Paging Dr. Frischer: Covid-19 and the Holidays
The holidays are fast approaching. Every day I hear these questions: “My kids are coming home for the holidays. How do we handle this?” “I want to spend time with my family and friends over the holidays. What should we do to make that safe?” As if this year hasn’t been challenging enough. What is the best way to celebrate during a pandemic?
The easy response is that there is no easy response. Let’s be clear. This rotten pandemic is far from over. Daily new cases and hospitalizations are at an all-time high. Sharing the holidays often involves travel, and every form of travel carries some risk.
Members of your family and close friends are not automatically part of your pod. Your loved ones bring the exposure of their own pod along with them. Are you ready to suddenly accept a higher level of risk simply because the calendar tells us that it happens to be November?
Let’s evaluate your own particular level of acceptable risk. What risk factors do you have? Age? Obesity? Diabetes? Are you a cancer survivor? What are the risk factors of every other member of your pod? Start speaking with loved ones now. Express your concerns and listen to them. Remember that your goal is to protect everyone’s health.
Let’s get creative. You can absolutely take steps to minimize these risks. What about quarantining and testing in advance? You might all agree to get tested before gathering, and only convene if everyone tests negative. This doesn’t entirely remove the risk. Note that those in the early stages of infection can test negative but still be infectious later, or that one might be exposed after taking the test but prior to the gathering. These lags have been blamed for many outbreaks. Ideally, everyone would quarantine for a full 14 days and then be tested.
Let’s recognize that there is no such thing as a perfectly safe way for groups to gather. COVID-19 is a highly contagious virus. Consider this:
Outdoors is better than indoors in a big way. The virus spreads when we are exposed to respiratory droplets. These large droplets are unlikely to travel further than six feet (unless the infected person is, for example, running, singing, coughing, or sneezing). It is easier to stay distanced outdoors, since particles dissipate fairly quickly. In an enclosed space, particularly one that is poorly ventilated, particles can build up and potentially endanger anyone in the room, even those who are more than six feet away. If there will be an indoor gathering, do your best to replicate the advantages of the outdoors. Choose as large a space as possible. Open windows and doors to increase multidirectional air circulation.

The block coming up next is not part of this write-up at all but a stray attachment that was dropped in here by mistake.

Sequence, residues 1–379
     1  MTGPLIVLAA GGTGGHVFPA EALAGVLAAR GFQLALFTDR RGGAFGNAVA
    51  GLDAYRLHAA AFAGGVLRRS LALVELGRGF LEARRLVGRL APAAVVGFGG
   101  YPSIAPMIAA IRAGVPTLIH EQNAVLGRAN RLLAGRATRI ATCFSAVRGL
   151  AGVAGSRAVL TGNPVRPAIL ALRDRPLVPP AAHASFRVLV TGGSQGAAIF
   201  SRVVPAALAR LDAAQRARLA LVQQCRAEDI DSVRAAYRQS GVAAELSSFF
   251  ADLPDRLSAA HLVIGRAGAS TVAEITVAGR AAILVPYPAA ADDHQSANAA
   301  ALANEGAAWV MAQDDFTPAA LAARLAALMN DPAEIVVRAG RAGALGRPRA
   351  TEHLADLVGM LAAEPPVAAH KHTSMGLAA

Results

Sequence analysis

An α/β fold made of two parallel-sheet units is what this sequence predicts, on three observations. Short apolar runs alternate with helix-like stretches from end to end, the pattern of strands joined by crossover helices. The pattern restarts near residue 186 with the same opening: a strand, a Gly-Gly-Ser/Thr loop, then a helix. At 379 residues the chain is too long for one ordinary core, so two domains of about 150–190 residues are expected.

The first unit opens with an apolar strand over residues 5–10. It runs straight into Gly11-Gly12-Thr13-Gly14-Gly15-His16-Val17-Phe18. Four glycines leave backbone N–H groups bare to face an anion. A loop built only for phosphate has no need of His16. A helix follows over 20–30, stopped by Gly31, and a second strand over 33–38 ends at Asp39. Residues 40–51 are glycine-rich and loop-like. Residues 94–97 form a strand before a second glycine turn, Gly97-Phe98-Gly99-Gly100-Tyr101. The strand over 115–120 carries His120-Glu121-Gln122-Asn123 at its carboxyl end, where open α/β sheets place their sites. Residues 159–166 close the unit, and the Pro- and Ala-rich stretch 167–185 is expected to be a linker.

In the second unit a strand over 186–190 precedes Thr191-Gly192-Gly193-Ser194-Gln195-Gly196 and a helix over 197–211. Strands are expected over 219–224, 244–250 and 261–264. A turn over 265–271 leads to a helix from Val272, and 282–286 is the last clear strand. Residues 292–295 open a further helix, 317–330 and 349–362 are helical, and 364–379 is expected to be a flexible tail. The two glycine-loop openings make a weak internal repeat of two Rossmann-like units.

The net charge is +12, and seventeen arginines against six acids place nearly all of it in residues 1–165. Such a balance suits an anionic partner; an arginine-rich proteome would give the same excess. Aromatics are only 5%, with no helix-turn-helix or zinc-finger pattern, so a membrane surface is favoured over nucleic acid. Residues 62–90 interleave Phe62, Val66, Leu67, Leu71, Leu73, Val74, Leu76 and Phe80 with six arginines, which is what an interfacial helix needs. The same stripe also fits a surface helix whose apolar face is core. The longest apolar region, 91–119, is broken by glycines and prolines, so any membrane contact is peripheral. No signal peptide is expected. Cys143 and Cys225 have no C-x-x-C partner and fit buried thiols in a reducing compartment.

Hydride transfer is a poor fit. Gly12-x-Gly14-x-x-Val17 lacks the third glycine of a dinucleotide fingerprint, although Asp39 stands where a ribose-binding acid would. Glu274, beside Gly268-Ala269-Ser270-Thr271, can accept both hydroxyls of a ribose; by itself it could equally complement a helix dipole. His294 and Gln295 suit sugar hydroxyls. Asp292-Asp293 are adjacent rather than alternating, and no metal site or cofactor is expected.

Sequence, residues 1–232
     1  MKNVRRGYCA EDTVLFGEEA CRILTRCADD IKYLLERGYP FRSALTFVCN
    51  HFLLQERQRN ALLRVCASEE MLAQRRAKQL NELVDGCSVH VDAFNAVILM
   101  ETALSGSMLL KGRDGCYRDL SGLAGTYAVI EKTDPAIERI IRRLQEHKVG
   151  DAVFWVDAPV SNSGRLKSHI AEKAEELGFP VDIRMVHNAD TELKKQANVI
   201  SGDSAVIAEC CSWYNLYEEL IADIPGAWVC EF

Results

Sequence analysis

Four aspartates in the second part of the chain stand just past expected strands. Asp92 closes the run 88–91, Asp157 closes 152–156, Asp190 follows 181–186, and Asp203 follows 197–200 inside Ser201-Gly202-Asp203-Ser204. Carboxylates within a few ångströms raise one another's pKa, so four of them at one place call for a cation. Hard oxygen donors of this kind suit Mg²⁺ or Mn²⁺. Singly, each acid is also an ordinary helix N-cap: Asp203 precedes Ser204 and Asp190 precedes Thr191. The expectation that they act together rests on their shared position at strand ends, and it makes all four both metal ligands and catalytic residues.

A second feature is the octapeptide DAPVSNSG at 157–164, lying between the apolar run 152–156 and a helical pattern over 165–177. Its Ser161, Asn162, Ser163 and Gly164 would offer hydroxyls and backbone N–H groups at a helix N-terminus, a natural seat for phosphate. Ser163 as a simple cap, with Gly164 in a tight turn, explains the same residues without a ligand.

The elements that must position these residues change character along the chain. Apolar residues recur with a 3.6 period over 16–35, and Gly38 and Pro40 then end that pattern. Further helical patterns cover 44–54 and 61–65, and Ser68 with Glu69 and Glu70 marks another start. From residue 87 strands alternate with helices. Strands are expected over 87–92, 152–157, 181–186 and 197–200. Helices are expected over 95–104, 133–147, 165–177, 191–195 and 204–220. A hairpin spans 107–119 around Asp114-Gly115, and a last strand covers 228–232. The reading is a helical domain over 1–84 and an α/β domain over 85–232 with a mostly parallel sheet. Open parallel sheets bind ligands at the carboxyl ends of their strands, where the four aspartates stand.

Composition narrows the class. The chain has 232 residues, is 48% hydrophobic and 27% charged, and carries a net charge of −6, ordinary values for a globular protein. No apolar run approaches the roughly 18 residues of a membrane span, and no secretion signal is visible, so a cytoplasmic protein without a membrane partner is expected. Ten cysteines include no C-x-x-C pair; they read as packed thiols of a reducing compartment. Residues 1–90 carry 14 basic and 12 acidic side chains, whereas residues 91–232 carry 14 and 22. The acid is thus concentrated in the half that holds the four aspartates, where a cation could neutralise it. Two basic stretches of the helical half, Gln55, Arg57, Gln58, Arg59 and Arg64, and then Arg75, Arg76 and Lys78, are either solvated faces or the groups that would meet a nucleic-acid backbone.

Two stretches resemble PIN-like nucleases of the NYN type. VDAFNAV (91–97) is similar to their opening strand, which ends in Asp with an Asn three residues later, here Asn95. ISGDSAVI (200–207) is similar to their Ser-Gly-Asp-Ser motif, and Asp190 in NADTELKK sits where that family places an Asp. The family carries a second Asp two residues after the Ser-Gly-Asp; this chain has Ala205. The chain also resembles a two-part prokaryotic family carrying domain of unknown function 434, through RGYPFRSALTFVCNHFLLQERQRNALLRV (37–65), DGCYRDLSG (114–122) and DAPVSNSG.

Keep in mind that, just by breathing, an infected person is constantly exhaling those tiny particles. Wearing a mask reduces the number of droplets and aerosols. Wearing a mask at all times is far safer than no mask at all, and wearing that mask as much as possible is second best.
Keep the group small. Each addition of a new pod increases the odds of the virus being present, and the carrier may very well be asymptomatic. California health officials suggest that we restrict gatherings to no more than three households.
Consider cutting back on the number of food courses and variety, in order to minimize both the amount of time spent together, and the amount of time spent mask-free. Say your goodbyes in two hours or less, as the length of time directly increases the chances of exposure.
My advice is to find your own level of comfort. Faced with the potential emotional minefield and prospect of a holiday meal filled with restrictions, testing, and quarantine, some family members will choose to not be physically together this year. Everyone will need to work hard to understand and respect one another’s decisions. If you do get together for the holidays, work out the rules ahead of time, so that there is no new territory to navigate once everyone has gathered.
Thinking outside the box is the best way to survive 2020. I have attended a Zoom bridal shower, wedding, and funeral. This may be the year to be creative and gather for a Zoom Thanksgiving, Christmas or Hanukah. Perhaps your virtual gathering will involve dining, streaming a movie, or playing an online game. Perhaps you will organize a family recipe swap so that everyone can be enjoying your aunt’s famous mashed potatoes. Perhaps you will drop off favorite foods to older relatives.
Needless to say, avoid hugs, kisses, and handshakes like…well…the plague. Whatever you do, I urge you to carefully think it through, communicate clearly with everyone involved, and to have safe and loving holidays.
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